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Can a MacOS Computer Get a Virus?

April 20, 2023

Apple’s macOS is extremely secure, but like all operating systems, it can be infected by trojans, viruses, ransomware, and other types of malware. 

This is less of a significant threat than on Windows machines for several reasons:

  • By default, macOS doesn’t allow the installation of unverified third-party software. A scanning service called Notarization requires developers to submit their apps for scanning as a component of the distribution process.
  • macOS has built-in malware tools. Gatekeeper, the primary security technology, verifies that executables haven’t been altered and prompts users before allowing them to run.
  • The operating system also maintains a regularly updated, signature-based list of malware (XProtect). This enables macOS to remediate most malware that has been executed. 
  • Generally, macOS is a poor target for ransomware. Windows computers represent a bigger share of the market. Malware creators want their software to spread, so they typically target Windows users — it makes less sense to target a smaller operating system with stronger security controls.

Essentially, Apple devices existed in a walled garden: Apple controls what software is allowed to run, and while users can disable security controls, most do not. 

How Malware Spreads on MacOS Machines

With that said, malware can infect macOS computers, particularly if users disable their security controls. That’s common when users are trying to pirate software: In 2020, the ThiefQuest/EvilQuest ransomware spread across macOS machines via an infected copy of pirated software that was available through torrent tracking websites.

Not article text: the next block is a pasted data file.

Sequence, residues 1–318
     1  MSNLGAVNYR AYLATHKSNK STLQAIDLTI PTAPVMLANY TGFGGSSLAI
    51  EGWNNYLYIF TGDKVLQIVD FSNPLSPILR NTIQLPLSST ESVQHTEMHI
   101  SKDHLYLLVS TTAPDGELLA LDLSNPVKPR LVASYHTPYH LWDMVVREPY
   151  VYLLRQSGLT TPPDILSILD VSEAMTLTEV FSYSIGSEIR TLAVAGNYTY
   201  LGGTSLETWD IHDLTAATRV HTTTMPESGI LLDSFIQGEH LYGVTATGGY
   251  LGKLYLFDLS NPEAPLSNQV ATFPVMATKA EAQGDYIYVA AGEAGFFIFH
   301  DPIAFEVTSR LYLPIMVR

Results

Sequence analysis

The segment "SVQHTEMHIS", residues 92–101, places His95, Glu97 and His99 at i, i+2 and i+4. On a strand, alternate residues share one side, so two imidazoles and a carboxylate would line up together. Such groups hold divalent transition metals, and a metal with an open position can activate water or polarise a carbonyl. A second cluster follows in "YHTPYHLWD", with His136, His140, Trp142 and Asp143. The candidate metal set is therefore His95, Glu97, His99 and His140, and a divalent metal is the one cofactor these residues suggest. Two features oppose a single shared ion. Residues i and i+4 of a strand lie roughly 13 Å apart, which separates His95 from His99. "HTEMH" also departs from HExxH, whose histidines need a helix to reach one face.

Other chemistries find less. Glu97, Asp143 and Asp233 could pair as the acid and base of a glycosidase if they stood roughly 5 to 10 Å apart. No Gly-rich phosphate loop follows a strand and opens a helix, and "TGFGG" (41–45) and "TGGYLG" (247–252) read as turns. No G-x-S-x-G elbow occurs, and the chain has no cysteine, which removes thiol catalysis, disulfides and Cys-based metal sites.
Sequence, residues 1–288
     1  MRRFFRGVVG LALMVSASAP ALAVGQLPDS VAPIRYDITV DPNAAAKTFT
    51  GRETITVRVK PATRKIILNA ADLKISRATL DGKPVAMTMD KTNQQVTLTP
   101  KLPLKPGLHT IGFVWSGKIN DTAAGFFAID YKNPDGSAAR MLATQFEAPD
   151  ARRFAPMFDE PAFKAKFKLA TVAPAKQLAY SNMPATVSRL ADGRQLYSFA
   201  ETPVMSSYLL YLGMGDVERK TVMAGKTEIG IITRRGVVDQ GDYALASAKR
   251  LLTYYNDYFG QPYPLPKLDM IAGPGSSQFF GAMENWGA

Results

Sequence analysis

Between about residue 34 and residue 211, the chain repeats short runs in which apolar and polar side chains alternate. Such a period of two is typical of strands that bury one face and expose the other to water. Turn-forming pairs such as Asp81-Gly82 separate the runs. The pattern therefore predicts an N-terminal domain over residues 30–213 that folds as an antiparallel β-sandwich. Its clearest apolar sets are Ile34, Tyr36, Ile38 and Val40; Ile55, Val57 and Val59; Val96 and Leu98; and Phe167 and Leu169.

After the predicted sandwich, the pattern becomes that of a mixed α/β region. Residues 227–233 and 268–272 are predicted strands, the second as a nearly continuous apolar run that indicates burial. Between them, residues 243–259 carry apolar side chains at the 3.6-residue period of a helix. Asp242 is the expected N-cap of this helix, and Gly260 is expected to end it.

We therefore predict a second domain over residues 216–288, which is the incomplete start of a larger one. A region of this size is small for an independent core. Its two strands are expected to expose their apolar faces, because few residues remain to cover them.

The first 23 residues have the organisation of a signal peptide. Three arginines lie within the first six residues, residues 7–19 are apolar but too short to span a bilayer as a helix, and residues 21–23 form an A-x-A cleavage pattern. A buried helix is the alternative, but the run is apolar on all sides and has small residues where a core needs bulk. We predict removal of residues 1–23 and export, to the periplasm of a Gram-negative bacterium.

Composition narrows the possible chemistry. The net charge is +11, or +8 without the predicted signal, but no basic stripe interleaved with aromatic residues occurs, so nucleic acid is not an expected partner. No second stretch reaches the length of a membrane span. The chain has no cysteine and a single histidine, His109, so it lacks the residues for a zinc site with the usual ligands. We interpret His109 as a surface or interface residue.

A computer running macOS.

Mac OS computers may be targets for malware infection.

And in March 2023, a trojan horse known as MacStealer spread through a compromised .DMG file. MacStealer targeted user data in KeyChain databases and other types of files, potentially stealing iCloud passwords, credit card numbers, and other sensitive data. 

macOS malware can also spread through phishing. Users are tricked into clicking a link on a website or in an email. They may be prompted to enter private credentials or download an executable file. 

Adware and spyware can also be an issue, though these programs may not meet strict definitions of “malware.” Users may willingly download a program that slows down their computer by tracking behavior and showing ads. Generally, these programs don’t make it through the Notarization process.

Recovering Data from a MacOS Malware Infection

The good news: Apple releases regular security patches to address known threats. If you keep your computer up to date — and don’t routinely install pirated software — you probably don’t need to worry much about malware. 

You certainly don’t need a third-party virus scanner: macOS’s built in security controls are sufficient for the typical user. 

However, malware is a potential threat for every computer, including Linux, Unix, and macOS machines. If you believe that your computer has been infected by ransomware or any other type of malware, take these steps:

  1. Keep your computer disconnected from the internet. Some malware may actively transfer data (including passwords and other sensitive information) to bad actors.
  2. If the malware has compromised important data, make a list of important files. If you have a backup, use it for disaster recovery — but don’t plug external hard drives or other devices into the affected machine. 
  3. Document any activities that may have enabled the infection. For example, if you recently downloaded software from a torrent website or clicked on an email link from an unknown source, that information could be helpful for identifying and resolving the infection. 

If you don’t have a backup, you’ll need to contact a professional data recovery provider. Malware can corrupt key files and render the machine unusable, and manufacturer warranties generally don’t cover data recovery services. 

However, an experienced data recovery firm should be able to handle the project — even “successful” macOS ransomware variants rarely encrypt all data, and reversing the damage should be fairly straightforward.

At, we provide free evaluations and support our services with a no data, no charge guarantee: If we’re unable to successfully recover important files from your macOS device, you don’t pay for the attempt. 

To learn more, call 1-800-237-4200 to speak with an expert or submit a case online.